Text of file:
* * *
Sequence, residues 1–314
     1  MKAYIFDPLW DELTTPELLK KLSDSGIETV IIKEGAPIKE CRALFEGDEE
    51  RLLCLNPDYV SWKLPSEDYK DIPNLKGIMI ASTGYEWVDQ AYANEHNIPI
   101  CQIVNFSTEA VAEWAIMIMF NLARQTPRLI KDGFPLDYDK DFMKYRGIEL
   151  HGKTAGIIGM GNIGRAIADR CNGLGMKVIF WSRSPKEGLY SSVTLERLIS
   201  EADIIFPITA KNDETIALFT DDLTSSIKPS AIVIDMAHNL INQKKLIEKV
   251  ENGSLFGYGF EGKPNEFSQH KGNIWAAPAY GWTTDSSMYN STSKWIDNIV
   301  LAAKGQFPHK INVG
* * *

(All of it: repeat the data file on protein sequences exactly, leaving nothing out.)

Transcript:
Sequence, residues 1–314
     1  MKAYIFDPLW DELTTPELLK KLSDSGIETV IIKEGAPIKE CRALFEGDEE
    51  RLLCLNPDYV SWKLPSEDYK DIPNLKGIMI ASTGYEWVDQ AYANEHNIPI
   101  CQIVNFSTEA VAEWAIMIMF NLARQTPRLI KDGFPLDYDK DFMKYRGIEL
   151  HGKTAGIIGM GNIGRAIADR CNGLGMKVIF WSRSPKEGLY SSVTLERLIS
   201  EADIIFPITA KNDETIALFT DDLTSSIKPS AIVIDMAHNL INQKKLIEKV
   251  ENGSLFGYGF EGKPNEFSQH KGNIWAAPAY GWTTDSSMYN STSKWIDNIV
   301  LAAKGQFPHK INVG